Testimony of Chairman Timothy G. Massad Before the U.S. House Committee on Agriculture

February 10, 2016

Thank you, Chairman Conaway, Ranking Member Peterson, and members of the Committee. I’m very pleased to be back testifying on behalf of the Commodity Futures Trading Commission (CFTC). I appreciate the opportunity to discuss the progress and priorities of the agency.

As you know, the CFTC oversees the futures, options, and swaps markets. While they, and the agency, are not well-known to most Americans, the importance of these markets to American businesses, families and the American economy cannot be overstated.

The derivatives markets allow farmers to lock in a price for their crops, utilities to manage the cost of fuel, and businesses of all types and sizes to hedge commercial risk. And as a result, they shape the prices we all pay for food, energy and a host of other goods and services.

At the CFTC, our job is to ensure these markets are working properly, by helping to deter and prevent fraud and manipulation. We strive to create a regulatory framework that promotes transparency, competition and innovation. This benefits everyone – from the agriculture community to business owners and investors saving for retirement. And we try our best to do this in a way that does not impose undue burdens on those end-users who rely on these markets as an important component of their business.

Since I last testified before this Committee, the CFTC has made considerable progress in a number of areas. The Commission has written, and is working to enforce, most of the rules required by the Dodd-Frank Act, which was enacted in the aftermath of the worst financial crisis since the Great Depression. We are also focused on fine-tuning our rules, so they do not improperly burden commercial end-users. This work adds to our traditional responsibilities of surveillance, compliance, and enforcement for the futures and options markets. And we have been addressing new developments and challenges in our markets, particularly those created by technological development.

Today, I would like to highlight some of our accomplishments over the past year and also lay out a number of key priorities for the months ahead.

Before I begin, I want to thank our staff for their tireless work on behalf of our mission. I know I speak for my fellow Commissioners Bowen and Giancarlo when I say that the effort, dedication and expertise of the CFTC staff are the reasons we’ve made such strides this year.

I would also like to thank Commissioners Bowen and Giancarlo for their dedication. Each brings experience, judgment, and an important perspective to the work of the Commission. We have developed a productive working relationship that is grounded in good faith and mutual respect. I appreciate their willingness to collaborate and work together constructively.

Recent Accomplishments

The CFTC has taken many actions during the past year to help make sure our financial markets continue to be the best in the world. There are several I’d like to talk about today.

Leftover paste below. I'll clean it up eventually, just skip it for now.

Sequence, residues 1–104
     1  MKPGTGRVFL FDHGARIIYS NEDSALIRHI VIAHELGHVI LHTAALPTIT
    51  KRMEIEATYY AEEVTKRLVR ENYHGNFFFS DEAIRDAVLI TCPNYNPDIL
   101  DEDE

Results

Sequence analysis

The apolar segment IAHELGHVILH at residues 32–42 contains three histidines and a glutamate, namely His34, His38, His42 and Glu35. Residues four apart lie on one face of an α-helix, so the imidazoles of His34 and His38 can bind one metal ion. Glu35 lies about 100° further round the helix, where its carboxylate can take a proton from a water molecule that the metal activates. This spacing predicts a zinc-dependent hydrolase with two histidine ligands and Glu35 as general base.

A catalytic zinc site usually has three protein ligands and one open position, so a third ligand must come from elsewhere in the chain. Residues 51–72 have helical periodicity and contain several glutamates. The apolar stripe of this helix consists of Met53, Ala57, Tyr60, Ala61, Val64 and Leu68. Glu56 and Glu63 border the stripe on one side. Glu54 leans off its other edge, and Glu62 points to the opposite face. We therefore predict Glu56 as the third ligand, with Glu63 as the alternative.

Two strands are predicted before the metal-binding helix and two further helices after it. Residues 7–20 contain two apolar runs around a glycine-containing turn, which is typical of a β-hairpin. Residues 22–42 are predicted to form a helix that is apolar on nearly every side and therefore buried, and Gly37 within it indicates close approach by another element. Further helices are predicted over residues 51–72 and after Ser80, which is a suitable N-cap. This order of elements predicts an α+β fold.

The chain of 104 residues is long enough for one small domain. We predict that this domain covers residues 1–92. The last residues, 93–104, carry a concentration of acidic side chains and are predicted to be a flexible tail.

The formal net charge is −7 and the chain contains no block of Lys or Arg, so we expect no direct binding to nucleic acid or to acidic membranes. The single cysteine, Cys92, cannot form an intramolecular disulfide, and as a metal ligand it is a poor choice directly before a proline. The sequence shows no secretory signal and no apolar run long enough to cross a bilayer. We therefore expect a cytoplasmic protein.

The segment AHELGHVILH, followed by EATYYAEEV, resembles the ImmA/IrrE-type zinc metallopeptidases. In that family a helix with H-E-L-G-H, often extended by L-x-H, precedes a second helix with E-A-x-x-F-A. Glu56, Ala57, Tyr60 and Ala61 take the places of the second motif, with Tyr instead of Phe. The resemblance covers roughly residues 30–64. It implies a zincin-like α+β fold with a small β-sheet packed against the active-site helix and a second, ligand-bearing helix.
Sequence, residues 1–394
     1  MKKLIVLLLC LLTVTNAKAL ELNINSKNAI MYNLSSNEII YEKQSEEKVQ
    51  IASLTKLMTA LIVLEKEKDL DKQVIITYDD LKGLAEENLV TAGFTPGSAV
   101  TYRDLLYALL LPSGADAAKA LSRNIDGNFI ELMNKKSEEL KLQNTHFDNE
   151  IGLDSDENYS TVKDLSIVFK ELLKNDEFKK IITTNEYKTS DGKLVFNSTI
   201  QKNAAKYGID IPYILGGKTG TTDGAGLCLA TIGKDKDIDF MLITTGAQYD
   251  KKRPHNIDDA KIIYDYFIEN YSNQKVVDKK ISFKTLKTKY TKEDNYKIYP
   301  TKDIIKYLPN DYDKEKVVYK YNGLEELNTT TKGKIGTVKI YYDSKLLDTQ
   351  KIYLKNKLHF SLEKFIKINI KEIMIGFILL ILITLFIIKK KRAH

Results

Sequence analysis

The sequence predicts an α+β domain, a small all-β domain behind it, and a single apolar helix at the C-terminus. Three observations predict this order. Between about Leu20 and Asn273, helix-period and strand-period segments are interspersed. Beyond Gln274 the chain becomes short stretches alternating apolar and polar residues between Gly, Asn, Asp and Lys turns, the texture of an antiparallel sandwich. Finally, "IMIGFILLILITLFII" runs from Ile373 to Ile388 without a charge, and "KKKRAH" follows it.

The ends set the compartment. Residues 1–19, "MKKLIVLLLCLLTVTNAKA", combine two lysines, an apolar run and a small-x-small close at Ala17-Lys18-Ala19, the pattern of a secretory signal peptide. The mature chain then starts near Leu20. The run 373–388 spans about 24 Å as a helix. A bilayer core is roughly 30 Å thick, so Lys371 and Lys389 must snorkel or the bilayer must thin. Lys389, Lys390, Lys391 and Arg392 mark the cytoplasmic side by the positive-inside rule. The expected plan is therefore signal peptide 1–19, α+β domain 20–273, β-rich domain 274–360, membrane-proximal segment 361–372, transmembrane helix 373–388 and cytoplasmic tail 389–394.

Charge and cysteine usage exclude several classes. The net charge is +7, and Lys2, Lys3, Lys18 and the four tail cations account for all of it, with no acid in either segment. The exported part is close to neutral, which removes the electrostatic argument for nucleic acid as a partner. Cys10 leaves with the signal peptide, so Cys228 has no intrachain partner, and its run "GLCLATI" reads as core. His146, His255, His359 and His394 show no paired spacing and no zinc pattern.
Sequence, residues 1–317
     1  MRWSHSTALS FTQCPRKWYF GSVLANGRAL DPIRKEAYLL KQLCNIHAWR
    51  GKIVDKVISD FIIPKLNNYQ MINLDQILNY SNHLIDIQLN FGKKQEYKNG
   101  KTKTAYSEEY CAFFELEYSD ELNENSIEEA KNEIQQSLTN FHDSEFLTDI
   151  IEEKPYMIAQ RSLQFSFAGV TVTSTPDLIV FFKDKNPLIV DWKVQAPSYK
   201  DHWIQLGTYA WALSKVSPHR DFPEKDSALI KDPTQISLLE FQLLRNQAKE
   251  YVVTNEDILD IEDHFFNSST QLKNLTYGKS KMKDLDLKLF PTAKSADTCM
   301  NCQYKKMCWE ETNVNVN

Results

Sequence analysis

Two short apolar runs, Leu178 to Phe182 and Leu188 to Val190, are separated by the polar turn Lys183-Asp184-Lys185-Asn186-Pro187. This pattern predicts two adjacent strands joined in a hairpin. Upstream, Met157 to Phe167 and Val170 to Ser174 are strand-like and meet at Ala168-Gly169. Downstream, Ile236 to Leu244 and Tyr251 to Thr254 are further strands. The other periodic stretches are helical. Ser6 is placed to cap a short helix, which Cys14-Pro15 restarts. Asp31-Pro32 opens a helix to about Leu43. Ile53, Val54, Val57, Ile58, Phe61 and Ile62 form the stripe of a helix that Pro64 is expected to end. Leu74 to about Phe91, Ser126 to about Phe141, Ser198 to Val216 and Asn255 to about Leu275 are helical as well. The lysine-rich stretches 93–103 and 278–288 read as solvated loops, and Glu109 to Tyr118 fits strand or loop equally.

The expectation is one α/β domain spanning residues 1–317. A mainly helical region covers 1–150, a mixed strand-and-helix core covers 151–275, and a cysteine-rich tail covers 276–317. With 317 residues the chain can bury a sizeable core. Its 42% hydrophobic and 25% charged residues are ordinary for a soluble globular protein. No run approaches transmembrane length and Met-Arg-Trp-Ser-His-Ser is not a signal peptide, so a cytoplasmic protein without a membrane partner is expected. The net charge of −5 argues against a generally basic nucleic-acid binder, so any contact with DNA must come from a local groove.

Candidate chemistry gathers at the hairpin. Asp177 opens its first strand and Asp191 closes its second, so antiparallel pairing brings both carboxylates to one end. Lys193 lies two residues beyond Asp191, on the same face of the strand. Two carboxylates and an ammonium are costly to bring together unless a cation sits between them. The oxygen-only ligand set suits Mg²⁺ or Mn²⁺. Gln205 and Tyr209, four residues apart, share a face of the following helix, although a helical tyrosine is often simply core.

Margin for Uncleared Swaps. One of our more recent actions was the Commission’s approval of a final rule setting margin requirements for uncleared swaps.

Our margin rule is one of the most significant elements of swaps market regulation set forth in the Dodd-Frank Act. There will always be a large part of the market that is not cleared – many swaps are not suitable for central clearing and our clearinghouses will be stronger if we exercise care in what is required to be cleared. And in the absence of clearing, margin requirements protect against excessive risk buildup in the system.

I think the rule we have adopted is strong and sensible. Consistent with Congressional intent, our rule does not require the collection of margin from end-users. It focuses instead on where some of the greatest risk exists– between large financial institutions, where the default of one entity would lead to further defaults by its counterparties, given the interconnectedness of our financial system. It requires swap dealers and major swap participants to post and collect margin with financial entities with whom they have significant exposures. It requires initial margin, which is designed to protect against potential future loss on a default, as well as variation margin, which serves as mark-to-market protection.

We also worked very hard to harmonize our rule with those concurrently issued by the prudential regulators, as well as with international standards. Shortly after I took office, I committed to doing all we could to achieve such harmonization. There were many differences 18 months ago. Today, I believe we have succeeded.

To determine how our rule should apply to inter-affiliate transactions, we worked to strike the proper balance between benefits and costs.

It was important that we mandate appropriate protections to help ensure the safety and soundness of swap dealers. So, we require full variation margin be exchanged for all inter-affiliate swaps. We did not require initial margin for all such swaps, however, which is one point of difference with the prudential regulators. Instead, to prevent evasion of collection requirements in certain cases, we require initial margin, and we require posting of initial margin to insured depository institutions that are swap dealers. We also require that inter-affiliate swaps be subject to a centralized risk management program appropriate to monitor and to manage these risks.